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Ross Dempsey

Department: Physics
Faculty Adviser: Silviu Pufu
Year of Study:
Undergraduate School: Johns Hopkins
Undergraduate Major: Physics and Math

Personal Bio

I grew up in Northern Virginia, and I've more or less always been interested in physics, math, and computer science.

As an undergraduate, I started out doing research in astrophysics, and worked on modeling "outflow regions." These are explosions that last thousands of years (in the case of Orion, a nearby nursery for baby stars) or tens of millions of years (in the case of quasars, the crucibles at the centers of distant and ancient galaxies).

I then shifted to high-energy theory, where we try to understand on a very basic level how the theories of physics work, and how they might be extended and/or unified. In the process, we cover a lot of interesting ground, from the structure of black holes all the way down to the phenomena of quarks, elementary particles that remain in many ways mysterious. I've continued working in this area at Princeton, which is a great place to do physics.

Fun Fact

I once made a giant Oreo. The recipe:

1) 3D print a photo scan of an Oreo cookie, magnified to 6-inch diameter

2) Using a food-safe material, cast a mold of the 3D-printed cookie

3) Crush up the cookies, and, separately, the cream, of an entire family-size box of Double-Stuf Oreos

4) Further pulverize the cookies into a fine dust, so they can be poured through a strainer

5) Add a bit of water to the cookie dust, until it has the consistency of a dough

6) Fill the mold with half the cookie mixture, and bake at 250 F (to avoid melting the mold) for ~45 minutes

7) Repeat for the other half of the cookie mixture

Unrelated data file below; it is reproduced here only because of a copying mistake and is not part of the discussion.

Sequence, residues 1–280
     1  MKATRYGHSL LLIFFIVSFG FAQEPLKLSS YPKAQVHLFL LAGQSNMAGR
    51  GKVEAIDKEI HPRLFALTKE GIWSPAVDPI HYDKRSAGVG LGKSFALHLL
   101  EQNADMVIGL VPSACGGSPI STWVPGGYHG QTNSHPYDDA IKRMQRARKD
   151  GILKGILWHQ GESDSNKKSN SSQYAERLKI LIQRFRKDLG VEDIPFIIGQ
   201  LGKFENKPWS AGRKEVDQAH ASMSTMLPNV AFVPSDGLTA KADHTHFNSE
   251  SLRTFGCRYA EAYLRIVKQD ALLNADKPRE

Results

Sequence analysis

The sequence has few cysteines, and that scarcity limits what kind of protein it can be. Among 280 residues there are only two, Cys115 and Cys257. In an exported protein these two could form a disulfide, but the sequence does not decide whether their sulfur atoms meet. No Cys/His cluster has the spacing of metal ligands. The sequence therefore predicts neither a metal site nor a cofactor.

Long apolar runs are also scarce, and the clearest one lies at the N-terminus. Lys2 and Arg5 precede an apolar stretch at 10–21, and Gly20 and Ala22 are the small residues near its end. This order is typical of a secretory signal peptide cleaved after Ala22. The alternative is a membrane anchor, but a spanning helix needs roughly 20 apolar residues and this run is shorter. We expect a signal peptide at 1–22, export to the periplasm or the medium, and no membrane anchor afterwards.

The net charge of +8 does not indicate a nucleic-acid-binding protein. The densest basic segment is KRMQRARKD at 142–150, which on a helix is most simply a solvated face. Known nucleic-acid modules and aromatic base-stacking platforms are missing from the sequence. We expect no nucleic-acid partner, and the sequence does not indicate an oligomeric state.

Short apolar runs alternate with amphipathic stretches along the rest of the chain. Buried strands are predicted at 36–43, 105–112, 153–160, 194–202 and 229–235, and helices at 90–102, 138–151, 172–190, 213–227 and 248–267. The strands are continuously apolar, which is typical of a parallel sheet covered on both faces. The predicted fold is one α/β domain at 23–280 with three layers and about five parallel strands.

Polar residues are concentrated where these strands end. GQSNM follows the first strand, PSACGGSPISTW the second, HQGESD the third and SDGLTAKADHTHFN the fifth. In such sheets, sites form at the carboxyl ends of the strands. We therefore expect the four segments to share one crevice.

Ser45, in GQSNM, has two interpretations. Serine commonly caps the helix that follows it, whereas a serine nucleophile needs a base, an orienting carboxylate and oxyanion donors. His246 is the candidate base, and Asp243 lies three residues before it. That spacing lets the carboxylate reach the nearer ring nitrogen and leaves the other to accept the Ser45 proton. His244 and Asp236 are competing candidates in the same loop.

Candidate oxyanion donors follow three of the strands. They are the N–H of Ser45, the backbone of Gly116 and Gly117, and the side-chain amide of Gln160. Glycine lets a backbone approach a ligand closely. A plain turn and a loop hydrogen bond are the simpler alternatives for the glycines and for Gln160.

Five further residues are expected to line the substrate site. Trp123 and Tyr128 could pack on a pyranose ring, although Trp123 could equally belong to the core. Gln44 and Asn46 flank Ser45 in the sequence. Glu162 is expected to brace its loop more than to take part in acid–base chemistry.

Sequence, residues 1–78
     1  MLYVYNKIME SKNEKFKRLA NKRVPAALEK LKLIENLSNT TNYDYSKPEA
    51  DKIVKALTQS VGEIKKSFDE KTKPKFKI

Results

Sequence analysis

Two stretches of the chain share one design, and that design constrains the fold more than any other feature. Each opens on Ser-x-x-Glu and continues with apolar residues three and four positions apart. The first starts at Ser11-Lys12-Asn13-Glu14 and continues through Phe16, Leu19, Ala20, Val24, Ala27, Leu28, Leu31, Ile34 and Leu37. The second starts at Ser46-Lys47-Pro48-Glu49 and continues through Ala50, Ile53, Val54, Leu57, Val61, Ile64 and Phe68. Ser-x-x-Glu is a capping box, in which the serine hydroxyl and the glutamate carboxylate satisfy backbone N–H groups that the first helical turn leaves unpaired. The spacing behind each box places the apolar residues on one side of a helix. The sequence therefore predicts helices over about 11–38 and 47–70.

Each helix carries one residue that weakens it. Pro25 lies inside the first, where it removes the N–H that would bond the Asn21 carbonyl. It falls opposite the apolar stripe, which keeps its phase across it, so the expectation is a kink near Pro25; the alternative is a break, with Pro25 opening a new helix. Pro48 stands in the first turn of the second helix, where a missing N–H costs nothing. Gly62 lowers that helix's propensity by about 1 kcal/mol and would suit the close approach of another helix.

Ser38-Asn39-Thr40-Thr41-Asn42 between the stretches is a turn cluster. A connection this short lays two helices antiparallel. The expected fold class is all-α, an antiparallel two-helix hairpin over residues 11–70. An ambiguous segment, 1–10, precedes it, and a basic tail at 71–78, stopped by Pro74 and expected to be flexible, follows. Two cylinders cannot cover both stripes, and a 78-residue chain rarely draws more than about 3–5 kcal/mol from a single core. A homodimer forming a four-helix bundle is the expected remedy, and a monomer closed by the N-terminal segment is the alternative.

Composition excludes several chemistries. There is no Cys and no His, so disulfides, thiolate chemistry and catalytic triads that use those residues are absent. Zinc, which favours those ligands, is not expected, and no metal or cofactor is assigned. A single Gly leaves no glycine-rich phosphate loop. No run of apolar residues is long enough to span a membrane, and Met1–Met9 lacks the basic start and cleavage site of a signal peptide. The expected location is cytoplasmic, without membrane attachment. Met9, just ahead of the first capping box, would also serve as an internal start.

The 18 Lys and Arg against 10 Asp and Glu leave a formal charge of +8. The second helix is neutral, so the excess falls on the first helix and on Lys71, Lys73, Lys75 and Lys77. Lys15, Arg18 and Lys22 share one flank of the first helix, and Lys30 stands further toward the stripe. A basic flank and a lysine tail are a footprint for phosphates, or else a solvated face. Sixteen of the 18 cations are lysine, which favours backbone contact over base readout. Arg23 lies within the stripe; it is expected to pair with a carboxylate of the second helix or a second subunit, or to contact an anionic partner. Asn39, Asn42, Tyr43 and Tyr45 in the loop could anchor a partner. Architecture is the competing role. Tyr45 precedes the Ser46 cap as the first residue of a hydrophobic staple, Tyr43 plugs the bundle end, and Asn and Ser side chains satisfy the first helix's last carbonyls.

8) Assemble the two sides with the cream in between

9) Photograph and enjoy, and/or question your life choices

Research Pitch

When you were a kid, someone probably showed you how a balloon would stick to your hair if you rub your feet against the carpet, or something like that. Now imagine it was completely unknown why that happens, and theorists were scratching their heads trying to figure out why electrons and protons are attracted to each other.

Thankfully that's not the case; we understand very well why electrons and protons attract. But inside the proton itself is a similar story: elementary particles called quarks are held together to form the proton, and they're bound so strongly that they can never be pulled apart. At a fundamental level, no one truly knows why.

A lot of my research focuses on this question: what keeps the quarks together? To study this question, we look at simulations of simplified theories of quarks, to see how they behave and whether they can be pulled apart. In practice, this involves a lot of coding, but the end results need to be understood with careful theoretical calculations.

Plans for Summer 2022

Not available to participate in Summer ReMatch+ program.

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